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TotalBiscuit post sparks debate about video game news

This was a surprisingly reasonable debate. 


Dennis Scimeca

Internet Culture

Posted on Sep 10, 2014   Updated on May 30, 2021, 2:57 pm CDT

Popular YouTuber TotalBiscuit posted a video Tuesday that offers a soliloquy on the state of the video game press, what the audience wants, and what the press ought to provide.

His sentiments will be familiar to readers who want mostly or entirely consumer-facing news from the video game press—by which we mean news about upcoming games, previews with still images and/or video of games in progress, and reviews focused on purchasing advice, rather than being concerned with broader criticism.

While it’s clear different readers want different things from video game news sites, there isn’t much to point to in terms of data on the issue. Conventional wisdom nowadays is that the audience for video-game news has diversified, much in the same way that the audience for video games themselves has diversified. But this Reddit thread in response to TotalBiscuit’s commentary includes some insightful, pointed discussion about traditional attitudes toward gaming coverage versus new schools of thought.

There is plenty of traditional discussion in the thread about video game reviews and how they ought to be structured, but then there is also this:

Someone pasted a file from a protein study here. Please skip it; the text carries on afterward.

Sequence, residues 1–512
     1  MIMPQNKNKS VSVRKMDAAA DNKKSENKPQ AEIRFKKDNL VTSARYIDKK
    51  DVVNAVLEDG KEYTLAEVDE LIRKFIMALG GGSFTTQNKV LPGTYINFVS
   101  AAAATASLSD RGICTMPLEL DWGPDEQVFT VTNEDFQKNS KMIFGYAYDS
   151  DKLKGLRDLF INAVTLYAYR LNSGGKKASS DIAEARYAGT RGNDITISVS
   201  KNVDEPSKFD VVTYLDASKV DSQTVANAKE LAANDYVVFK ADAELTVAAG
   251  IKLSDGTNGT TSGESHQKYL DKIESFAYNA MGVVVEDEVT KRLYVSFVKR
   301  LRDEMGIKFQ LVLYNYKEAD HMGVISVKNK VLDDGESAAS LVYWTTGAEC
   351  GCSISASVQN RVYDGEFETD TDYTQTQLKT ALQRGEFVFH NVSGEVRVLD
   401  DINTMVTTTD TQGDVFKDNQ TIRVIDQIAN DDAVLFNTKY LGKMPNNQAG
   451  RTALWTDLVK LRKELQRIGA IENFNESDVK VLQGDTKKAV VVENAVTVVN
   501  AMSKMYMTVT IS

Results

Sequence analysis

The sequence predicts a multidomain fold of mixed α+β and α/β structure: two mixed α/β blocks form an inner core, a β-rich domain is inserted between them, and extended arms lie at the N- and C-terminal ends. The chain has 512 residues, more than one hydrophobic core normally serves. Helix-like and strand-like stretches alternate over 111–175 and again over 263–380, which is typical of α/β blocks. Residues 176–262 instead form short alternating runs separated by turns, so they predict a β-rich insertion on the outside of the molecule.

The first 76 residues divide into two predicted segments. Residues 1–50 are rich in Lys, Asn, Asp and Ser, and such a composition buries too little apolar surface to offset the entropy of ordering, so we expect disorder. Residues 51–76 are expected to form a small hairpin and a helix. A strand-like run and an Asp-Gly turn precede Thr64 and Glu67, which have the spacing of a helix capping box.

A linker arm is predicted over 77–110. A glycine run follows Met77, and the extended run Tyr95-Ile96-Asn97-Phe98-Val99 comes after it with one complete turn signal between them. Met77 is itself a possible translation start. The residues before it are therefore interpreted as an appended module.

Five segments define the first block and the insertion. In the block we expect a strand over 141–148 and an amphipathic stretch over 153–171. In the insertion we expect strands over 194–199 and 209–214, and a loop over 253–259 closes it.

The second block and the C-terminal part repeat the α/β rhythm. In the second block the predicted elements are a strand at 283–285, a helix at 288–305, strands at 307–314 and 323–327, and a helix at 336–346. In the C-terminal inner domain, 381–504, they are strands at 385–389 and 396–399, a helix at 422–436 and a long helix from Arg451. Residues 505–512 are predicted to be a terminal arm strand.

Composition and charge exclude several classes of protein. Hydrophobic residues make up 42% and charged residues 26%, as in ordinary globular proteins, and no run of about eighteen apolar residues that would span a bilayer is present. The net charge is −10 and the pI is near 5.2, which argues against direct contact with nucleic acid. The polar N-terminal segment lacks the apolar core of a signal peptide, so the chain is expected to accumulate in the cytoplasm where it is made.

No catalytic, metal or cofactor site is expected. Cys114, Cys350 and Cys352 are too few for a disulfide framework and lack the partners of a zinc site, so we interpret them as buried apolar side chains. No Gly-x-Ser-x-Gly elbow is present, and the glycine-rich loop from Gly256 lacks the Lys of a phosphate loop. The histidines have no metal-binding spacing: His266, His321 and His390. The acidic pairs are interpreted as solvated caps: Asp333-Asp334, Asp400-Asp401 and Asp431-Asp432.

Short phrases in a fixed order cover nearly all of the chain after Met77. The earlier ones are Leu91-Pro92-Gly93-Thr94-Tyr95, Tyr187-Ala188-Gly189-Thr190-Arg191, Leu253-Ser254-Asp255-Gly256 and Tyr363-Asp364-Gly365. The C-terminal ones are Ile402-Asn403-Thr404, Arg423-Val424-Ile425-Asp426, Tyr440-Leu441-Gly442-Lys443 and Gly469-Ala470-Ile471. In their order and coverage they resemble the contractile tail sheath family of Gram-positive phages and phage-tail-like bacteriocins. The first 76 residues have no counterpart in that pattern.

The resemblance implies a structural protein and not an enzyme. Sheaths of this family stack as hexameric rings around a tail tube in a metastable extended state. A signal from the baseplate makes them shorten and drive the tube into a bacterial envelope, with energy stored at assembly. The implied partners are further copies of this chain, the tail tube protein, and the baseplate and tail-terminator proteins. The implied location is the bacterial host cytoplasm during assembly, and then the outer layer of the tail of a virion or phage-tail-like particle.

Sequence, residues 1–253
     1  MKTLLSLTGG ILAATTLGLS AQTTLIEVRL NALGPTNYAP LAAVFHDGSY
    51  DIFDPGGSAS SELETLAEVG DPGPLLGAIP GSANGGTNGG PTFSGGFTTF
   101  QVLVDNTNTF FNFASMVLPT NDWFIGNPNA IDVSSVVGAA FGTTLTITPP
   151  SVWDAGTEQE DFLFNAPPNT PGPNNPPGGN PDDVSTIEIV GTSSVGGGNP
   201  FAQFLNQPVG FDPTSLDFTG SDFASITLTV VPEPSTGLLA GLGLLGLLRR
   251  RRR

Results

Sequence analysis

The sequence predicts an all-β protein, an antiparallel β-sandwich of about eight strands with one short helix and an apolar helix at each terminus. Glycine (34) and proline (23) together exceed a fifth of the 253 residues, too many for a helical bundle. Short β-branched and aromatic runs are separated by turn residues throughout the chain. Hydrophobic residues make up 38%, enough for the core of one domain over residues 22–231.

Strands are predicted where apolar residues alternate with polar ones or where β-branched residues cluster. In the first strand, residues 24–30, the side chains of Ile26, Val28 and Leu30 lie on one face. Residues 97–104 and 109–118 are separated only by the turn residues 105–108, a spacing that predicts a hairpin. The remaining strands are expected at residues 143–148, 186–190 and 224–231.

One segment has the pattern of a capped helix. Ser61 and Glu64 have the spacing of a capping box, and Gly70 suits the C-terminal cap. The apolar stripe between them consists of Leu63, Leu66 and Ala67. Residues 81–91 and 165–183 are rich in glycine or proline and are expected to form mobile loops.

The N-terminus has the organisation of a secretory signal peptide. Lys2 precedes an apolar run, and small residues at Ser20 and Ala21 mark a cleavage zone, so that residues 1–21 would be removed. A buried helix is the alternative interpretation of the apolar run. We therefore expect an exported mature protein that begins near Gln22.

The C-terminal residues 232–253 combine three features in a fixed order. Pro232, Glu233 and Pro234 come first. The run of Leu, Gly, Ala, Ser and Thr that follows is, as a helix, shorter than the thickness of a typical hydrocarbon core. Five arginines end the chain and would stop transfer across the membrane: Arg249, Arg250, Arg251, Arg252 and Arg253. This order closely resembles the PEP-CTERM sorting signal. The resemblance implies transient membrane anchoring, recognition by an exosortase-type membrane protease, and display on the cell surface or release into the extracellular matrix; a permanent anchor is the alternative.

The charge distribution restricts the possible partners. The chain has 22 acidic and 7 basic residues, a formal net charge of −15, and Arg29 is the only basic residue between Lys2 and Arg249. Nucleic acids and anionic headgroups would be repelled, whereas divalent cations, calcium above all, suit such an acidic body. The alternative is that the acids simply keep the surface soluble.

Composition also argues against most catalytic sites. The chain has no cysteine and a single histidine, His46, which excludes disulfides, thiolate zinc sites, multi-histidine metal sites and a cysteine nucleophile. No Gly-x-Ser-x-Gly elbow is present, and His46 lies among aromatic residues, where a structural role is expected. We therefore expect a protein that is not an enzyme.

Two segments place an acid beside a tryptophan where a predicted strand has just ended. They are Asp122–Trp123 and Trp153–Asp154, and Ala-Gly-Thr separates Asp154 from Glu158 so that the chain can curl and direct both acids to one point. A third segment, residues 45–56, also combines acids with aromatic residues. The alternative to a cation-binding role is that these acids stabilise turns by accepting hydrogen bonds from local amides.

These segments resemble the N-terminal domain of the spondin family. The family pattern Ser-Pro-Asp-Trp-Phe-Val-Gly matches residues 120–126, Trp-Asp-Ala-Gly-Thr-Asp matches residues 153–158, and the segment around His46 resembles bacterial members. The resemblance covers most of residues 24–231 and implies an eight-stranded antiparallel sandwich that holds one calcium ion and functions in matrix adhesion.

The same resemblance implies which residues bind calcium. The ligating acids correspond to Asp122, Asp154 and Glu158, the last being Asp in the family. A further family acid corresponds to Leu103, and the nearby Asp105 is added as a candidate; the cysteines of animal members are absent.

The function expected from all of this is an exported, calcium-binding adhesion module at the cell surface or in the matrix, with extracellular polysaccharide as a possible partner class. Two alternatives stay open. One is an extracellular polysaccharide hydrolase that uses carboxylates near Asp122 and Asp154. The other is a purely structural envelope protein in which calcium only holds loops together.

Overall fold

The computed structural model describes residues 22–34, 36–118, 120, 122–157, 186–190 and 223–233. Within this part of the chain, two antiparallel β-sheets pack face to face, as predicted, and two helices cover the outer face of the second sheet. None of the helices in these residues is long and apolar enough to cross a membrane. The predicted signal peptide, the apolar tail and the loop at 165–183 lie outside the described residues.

What game reviews ought and ought not to be is one of the most common audience discussions about the video game press. The eventual recognition of multiple, valid approaches will help to quell some of the discord within the online video game community.

It’s important to note that most self-identified “gamers” may not be reading the video game press at all, and that a larger conversation about games is taking place all around us.

According to Nielsen Games:

“27% of Gamers 13+ (consumers who claim to play games for 1+ hours a week across any/all systems) claim to typically become aware of video games via reviews (online and/or print).” 

This final comment raises an important point in defense of those in the video game community who feel unjustly tarred when trolls use situations like Gamergate to spew misogyny and hate speech.

It’s true that pundits and commentators are well-served to look for and find the good within the traditional video game audience. Only wanting to relate to video games as purely consumer entertainments does not mark someone as intrinsically hostile to other types of discussions.

And it needs to be made clear that choosing not to participate in those other types of discussions is also OK. Respect for both spaces, matters.

Illustration by Jason Reed

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*First Published: Sep 10, 2014, 6:39 pm CDT